The Truth and Justice Commission, chaired by Professor Alex Boraine from South Africa, submitted its report to the government some months back. However, there has been very little said and done regarding the report and its recommendations. The Institute of Social Development and Peace (ISDP) and the Faculty of social studies and Humanities therefore organised a workshop on the theme ‘Advocating for Greater Justice : Findings and Recommendations of the Truth and Justice Commission Report” on the 13th of April.
The main objectives of the workshop were :
1. To familiarise the youth with the work carried out by the Truth and Justice commission.
2. To provide a platform for engagement and debates regarding the recommendations made by the commission and their implications for contemporary Mauritian society.
3. To provide the initial building blocks for advocacy work towards the adoption of the main recommendations and promotion of justice.
Presentations at the workshop and voices of the Youth
The panelists at the workshop constituted of the commissioners – Palma Veerapen, Jacques David, Benjamin Moutou, Vijaya Teelock – the Vice chair of the TJC. The discussants were Associate Professor Chan Low and Mrs Danielle Turner from the Nelson Mandela centre. Cassam Uteem, the Honorary President of ISDP made an opening address. These presentations are currently being compiled by the convenors (Azhagan Chenganna, Deepa Gokulsing and myself) of the workshop and would be made accessible to the public very soon.
The workshop programme also included UOM students. Some students made brief statements at the opening. These captured the mood and the thinking of the youth on diverse societal issues and topics that have been studied by the commission. It is often argued that the youth of the country do not know what they want. For instance the few protest marches organized by Mauritian youth in recent months, supported by those searching for some kind of innovative and inclusive politics, have often been criticized by some segments of mainstream society.
Public Intellectual Edward Said – A source of inspiration
Sitting in their comfort zones, often oblivious of the injustices around them, some people argue that the young are not organised and that they do not know what they want. It may be true that the youth of the country are not fully aware of how to mobilise for change, how to synergise, and how to put all their ideas into a coherent framework, but at least we should give them credit for recognising the injustices around them and interrogating them. In so doing they help to raise consciousness. The young people of the University of Mauritius who participated in the workshop expressed their views and concerns on a range of issues. The statements made by them highlight their angst, their naivete,, their refusal to get into a denial mode, their desire for transformation and change, their intolerance for injustice and their predisposition to support any initiative which promotes a more just society. These young people also participated in the recent protest marches, they may also, for now, be part of the larger group who remains insufficiently organised to bring about transformation but they have chosen to speak out. It seems that there is a growing realisation and acceptance of the idea that denouncing injustices should be part of the intellectual’s life. They may have been influenced by the great public intellectual Edward Said who noted that whenever and wherever there is injustice, it should be denounced and the street is no doubt an appropriate space for such action.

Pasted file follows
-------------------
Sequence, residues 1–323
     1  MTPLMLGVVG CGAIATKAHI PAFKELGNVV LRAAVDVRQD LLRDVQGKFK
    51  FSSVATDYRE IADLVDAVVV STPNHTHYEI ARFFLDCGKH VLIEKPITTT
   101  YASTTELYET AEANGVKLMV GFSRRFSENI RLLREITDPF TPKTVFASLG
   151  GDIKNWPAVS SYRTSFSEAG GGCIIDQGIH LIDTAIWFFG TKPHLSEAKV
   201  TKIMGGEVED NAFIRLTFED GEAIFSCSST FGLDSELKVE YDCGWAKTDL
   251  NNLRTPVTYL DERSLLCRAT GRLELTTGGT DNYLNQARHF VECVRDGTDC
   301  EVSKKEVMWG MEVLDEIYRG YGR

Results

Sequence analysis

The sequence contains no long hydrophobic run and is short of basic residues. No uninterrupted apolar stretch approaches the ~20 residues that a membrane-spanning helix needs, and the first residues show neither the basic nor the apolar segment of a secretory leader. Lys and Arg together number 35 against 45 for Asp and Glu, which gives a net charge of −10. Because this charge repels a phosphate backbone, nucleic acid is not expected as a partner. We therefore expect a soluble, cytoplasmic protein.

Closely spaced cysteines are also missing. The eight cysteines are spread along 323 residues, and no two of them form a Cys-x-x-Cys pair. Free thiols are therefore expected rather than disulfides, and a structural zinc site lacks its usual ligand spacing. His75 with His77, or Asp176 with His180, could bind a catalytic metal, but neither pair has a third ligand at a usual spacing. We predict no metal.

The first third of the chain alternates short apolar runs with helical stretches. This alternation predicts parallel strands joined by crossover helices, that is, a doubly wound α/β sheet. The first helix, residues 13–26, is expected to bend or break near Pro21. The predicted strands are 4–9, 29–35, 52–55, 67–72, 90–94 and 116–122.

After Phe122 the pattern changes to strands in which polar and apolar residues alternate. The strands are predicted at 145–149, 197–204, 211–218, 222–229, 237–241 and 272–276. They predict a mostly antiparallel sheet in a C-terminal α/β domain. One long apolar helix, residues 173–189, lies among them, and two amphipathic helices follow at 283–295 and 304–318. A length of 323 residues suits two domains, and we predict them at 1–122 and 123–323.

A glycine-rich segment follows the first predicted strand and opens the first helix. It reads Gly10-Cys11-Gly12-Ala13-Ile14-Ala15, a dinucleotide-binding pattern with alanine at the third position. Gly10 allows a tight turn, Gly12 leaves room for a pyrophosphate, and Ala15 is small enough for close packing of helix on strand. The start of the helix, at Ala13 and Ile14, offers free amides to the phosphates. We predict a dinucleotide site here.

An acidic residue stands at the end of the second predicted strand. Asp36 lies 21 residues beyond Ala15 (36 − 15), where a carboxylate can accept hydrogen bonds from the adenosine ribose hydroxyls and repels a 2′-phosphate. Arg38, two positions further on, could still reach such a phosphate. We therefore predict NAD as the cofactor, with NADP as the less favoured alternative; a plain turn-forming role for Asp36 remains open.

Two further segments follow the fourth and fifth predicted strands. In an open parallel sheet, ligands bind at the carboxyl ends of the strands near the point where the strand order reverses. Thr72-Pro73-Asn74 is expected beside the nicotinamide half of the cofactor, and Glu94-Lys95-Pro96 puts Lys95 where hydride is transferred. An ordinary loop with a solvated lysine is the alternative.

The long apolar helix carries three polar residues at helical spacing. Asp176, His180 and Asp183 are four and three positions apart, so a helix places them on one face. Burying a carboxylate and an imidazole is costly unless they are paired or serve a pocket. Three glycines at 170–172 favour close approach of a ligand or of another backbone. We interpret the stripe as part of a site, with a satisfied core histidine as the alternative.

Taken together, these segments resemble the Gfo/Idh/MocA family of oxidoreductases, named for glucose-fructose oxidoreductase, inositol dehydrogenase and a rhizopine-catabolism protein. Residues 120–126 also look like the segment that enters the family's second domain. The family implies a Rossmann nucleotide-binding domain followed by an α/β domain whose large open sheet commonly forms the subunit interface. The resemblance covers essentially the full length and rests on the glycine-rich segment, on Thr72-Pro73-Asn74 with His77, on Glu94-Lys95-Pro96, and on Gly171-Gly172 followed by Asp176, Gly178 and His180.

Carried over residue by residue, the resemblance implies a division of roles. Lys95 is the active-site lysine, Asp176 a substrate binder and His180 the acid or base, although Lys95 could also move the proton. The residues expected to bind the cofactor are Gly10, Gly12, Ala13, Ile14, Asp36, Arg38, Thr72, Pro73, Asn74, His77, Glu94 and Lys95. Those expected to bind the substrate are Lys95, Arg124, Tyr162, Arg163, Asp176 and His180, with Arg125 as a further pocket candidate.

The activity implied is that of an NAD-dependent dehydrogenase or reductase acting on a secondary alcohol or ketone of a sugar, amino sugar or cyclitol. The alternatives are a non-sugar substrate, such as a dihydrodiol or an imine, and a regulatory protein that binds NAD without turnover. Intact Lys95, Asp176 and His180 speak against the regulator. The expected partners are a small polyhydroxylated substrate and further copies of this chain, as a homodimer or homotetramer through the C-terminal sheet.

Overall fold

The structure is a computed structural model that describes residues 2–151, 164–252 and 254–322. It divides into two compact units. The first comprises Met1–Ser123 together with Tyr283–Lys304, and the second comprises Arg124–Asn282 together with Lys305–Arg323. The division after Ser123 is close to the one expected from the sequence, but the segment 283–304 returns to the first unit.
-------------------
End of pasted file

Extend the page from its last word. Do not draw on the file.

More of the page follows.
Calling for inclusive politics and advocating for greater justice
The students’ brief statements also remind us of the words of Nobel Laureate Amartya Sen, who in his well known book “The Idea of justice” notes :
“what moves us, reasonably enough, is not the realization that the world falls short of being completely just, which few of us expect, but that there are clearly remediable injustices around us which we want to eliminate”
These ‘remediable injustices’ are well captured by the students. The themes addressed by them include : the exclusion of the voices of the youth in decision making process, the racism and ethnic discrimination prevailing in Mauritian society, the opacity and speculation around the land question, the marginalisation of poor children and cross generational poverty produced by the schooling system, the excesses of capitalism and neoliberalism and deepening inequalities ; the absence of meritocracy. Their frustration is highlighted by one of them, stating that all she sees and hears around her is : “… LIES, LIES and LIES…” They admit that the Truth and Justice report has been an eye opener for them since they did not know much at all about the history of the country but more importantly they argue that many of the injustices of the past continue to pervade their lives, albeit in different ways. Their short pieces are reproduced here.